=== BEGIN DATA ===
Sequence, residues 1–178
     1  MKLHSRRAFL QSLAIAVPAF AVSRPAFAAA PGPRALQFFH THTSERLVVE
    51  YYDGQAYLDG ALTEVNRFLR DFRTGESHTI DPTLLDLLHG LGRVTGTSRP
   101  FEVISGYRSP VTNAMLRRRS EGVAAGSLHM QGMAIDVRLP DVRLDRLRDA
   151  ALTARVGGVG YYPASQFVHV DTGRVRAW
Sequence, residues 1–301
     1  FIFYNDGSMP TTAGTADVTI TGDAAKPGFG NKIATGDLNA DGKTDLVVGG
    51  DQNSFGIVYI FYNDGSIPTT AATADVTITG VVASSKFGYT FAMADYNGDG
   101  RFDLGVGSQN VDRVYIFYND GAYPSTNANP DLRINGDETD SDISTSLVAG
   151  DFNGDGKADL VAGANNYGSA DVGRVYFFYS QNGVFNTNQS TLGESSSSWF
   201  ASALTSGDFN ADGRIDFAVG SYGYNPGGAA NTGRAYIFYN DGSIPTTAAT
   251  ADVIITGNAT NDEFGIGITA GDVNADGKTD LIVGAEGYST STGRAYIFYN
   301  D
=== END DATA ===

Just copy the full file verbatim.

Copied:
Sequence, residues 1–178
     1  MKLHSRRAFL QSLAIAVPAF AVSRPAFAAA PGPRALQFFH THTSERLVVE
    51  YYDGQAYLDG ALTEVNRFLR DFRTGESHTI DPTLLDLLHG LGRVTGTSRP
   101  FEVISGYRSP VTNAMLRRRS EGVAAGSLHM QGMAIDVRLP DVRLDRLRDA
   151  ALTARVGGVG YYPASQFVHV DTGRVRAW
Sequence, residues 1–301
     1  FIFYNDGSMP TTAGTADVTI TGDAAKPGFG NKIATGDLNA DGKTDLVVGG
    51  DQNSFGIVYI FYNDGSIPTT AATADVTITG VVASSKFGYT FAMADYNGDG
   101  RFDLGVGSQN VDRVYIFYND GAYPSTNANP DLRINGDETD SDISTSLVAG
   151  DFNGDGKADL VAGANNYGSA DVGRVYFFYS QNGVFNTNQS TLGESSSSWF
   201  ASALTSGDFN ADGRIDFAVG SYGYNPGGAA NTGRAYIFYN DGSIPTTAAT
   251  ADVIITGNAT NDEFGIGITA GDVNADGKTD LIVGAEGYST STGRAYIFYN
   301  D